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No. 5 men's lacrosse falls to eventual champions No. 1 Maryland in NCAA semifinal

<h5>The Tigers had defeated Yale in the quarterfinal to advance to the Maryland matchup.</h5>
<h6>Photo <a href="https://goprincetontigers.com/news/2022/6/1/mens-lacrosse-pace-billings-named-to-final-four-all-tournament-team-and-other-mens-lax-notes.aspx" target="_self">courtesy</a> of Nick Ierardi/GoPrincetonTigers.</h6>
The Tigers had defeated Yale in the quarterfinal to advance to the Maryland matchup.
Photo courtesy of Nick Ierardi/GoPrincetonTigers.

The men’s lacrosse team (11–5, 3–3 Ivy League) fell 13–8 to the undefeated Maryland Terrapins (18–0, 5–0 Big 10) in the NCAA Tournament semifinal held at Rentschler Field in East Hartford, Conn. on May 28.

This was not the Tigers’ only loss against the Terps this season — they also suffered a 10–15 loss in College Park, Md. this February.

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Things got off to a slow start when severe thunderstorms in New England meant that the game — originally slated for a 2:30 p.m. start — didn’t get underway until 6:27 p.m. 

Attacker Kheegan Khan scored early for Maryland, but Tigers senior midfielder Luke Crimmins responded just over a minute later to even the score. The Terrapins managed to pull ahead in the first period, leading 5–1 after the first 15 minutes of play.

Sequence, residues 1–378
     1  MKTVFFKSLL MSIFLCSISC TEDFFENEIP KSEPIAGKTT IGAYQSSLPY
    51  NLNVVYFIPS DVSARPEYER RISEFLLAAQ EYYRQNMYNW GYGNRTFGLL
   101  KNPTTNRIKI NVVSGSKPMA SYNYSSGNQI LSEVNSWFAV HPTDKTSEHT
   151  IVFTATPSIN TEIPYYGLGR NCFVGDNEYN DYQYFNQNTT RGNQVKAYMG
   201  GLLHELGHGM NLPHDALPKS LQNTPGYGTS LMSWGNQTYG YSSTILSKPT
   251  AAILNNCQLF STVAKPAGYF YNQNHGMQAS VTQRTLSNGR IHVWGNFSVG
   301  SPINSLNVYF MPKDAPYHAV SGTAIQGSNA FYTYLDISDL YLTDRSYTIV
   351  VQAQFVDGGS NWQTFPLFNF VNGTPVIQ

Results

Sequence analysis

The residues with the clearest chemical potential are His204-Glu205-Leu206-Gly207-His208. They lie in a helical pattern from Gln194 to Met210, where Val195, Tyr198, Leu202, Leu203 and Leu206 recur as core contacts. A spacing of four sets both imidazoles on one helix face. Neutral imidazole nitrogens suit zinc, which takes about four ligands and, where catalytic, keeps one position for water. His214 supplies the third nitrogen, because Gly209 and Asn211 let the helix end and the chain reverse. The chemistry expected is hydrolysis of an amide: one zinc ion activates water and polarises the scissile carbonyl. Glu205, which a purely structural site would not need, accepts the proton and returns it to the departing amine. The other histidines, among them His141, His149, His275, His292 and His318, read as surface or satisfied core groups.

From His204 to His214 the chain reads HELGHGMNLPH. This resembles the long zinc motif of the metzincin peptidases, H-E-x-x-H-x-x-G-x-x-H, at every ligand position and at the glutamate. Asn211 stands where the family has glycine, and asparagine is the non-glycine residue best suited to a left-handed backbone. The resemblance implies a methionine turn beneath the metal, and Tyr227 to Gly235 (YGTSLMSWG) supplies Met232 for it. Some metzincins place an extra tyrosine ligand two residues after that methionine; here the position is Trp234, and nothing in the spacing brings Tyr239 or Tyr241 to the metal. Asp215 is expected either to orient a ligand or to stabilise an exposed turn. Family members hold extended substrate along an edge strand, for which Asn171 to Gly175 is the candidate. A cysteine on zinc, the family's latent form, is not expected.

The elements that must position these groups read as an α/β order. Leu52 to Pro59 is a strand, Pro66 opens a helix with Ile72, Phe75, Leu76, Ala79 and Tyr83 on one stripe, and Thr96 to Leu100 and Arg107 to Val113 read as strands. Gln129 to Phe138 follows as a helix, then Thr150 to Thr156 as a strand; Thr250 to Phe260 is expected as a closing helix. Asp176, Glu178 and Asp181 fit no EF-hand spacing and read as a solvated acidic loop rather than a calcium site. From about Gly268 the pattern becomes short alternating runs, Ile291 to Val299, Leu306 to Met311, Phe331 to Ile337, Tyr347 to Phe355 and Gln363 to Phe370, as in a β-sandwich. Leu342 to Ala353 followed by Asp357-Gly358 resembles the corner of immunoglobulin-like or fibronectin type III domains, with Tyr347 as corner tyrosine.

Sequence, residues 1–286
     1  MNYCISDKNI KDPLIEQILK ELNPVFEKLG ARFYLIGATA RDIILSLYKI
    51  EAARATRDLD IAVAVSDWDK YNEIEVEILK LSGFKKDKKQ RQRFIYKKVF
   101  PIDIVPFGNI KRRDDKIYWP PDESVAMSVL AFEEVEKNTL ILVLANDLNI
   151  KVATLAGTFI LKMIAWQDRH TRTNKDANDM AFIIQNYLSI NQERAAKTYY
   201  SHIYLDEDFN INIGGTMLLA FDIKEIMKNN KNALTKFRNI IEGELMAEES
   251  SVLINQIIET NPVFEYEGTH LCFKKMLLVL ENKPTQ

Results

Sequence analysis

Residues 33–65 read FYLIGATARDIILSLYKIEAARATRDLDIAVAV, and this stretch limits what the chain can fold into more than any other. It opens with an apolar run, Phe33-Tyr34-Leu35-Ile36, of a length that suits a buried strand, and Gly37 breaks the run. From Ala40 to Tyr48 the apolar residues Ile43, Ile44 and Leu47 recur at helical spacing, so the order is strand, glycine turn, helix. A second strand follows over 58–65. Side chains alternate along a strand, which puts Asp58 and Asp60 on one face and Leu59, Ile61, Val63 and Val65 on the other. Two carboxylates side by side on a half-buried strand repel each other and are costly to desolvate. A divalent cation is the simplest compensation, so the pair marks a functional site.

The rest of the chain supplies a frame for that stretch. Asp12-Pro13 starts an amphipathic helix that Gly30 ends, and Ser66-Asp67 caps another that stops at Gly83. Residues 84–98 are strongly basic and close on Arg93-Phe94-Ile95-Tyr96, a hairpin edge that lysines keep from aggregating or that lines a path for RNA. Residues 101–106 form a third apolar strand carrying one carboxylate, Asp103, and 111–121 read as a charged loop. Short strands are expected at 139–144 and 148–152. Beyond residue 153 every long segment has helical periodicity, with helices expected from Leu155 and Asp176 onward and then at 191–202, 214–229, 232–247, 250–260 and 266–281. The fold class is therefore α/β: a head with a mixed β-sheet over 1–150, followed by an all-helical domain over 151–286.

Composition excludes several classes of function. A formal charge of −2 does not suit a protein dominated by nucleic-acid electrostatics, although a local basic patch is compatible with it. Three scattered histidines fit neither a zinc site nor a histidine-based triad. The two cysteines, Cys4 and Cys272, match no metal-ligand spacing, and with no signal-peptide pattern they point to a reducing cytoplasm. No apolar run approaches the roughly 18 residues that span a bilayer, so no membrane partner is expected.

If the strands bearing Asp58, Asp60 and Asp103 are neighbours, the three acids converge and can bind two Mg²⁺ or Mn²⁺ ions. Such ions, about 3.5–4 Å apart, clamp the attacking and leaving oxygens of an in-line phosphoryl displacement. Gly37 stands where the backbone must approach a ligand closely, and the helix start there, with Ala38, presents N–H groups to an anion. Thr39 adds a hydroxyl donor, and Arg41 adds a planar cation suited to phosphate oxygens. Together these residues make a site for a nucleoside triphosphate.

Less than a minute into the second period, Princeton junior attacker Christian Ronda scored to bring the deficit down to three for the Tigers, but was almost immediately answered by Terrapins attacker Logan Wisnauskas.

Princeton caught a stroke of luck when officials gave Maryland long stick midfielder John Geppert a three-minute non-releasable penalty close to the end of the half, and the Tigers capitalized on the opportunity, scoring less than a minute after Geppert’s entry into the substitution box. 

But after halftime the tides took a stronger turn against the Tigers, who went scoreless for the first 10 minutes of the third period while Maryland scored four times, putting the tally at 11–6 heading into the final 15 minutes of the game.

The Tigers held the Terrapins to a scoring drought for almost 11 minutes into the fourth period. Playing until the last moment, Princeton scored again with less than a minute in the game to make the final score 13–8. 

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The Tigers did not fall without a fight, losing the ball less than Maryland — with the Tigers’ 15 turnovers to the Terrapins’ 17 — and nearly equaling them in ground ball pickups with 34, just four less than Maryland’s 38. 

Princeton may have played hard, but a set of standout performances by the Terrapins held the Tigers back. Wisnauskas scored four goals during the game, finishing the semifinal with 203 career goals, and giving him the record for most career goals in the program; goalie Logan McNaney had a career-high 19 saves in the net.

The Terrapins went on to defeat the Cornell Big Red (14–5, 4–2 Ivy League) by a score of 9–7 to win the NCAA Championship on May 30, becoming the first undefeated team to take the title since the University of Virginia in 2006. 

Hope Perry is the Head Podcast Editor at the ‘Prince’ who has covered USG, US politics, and student activism. She can be reached at hperry@princeton.edu or on Twitter @hopemperry.

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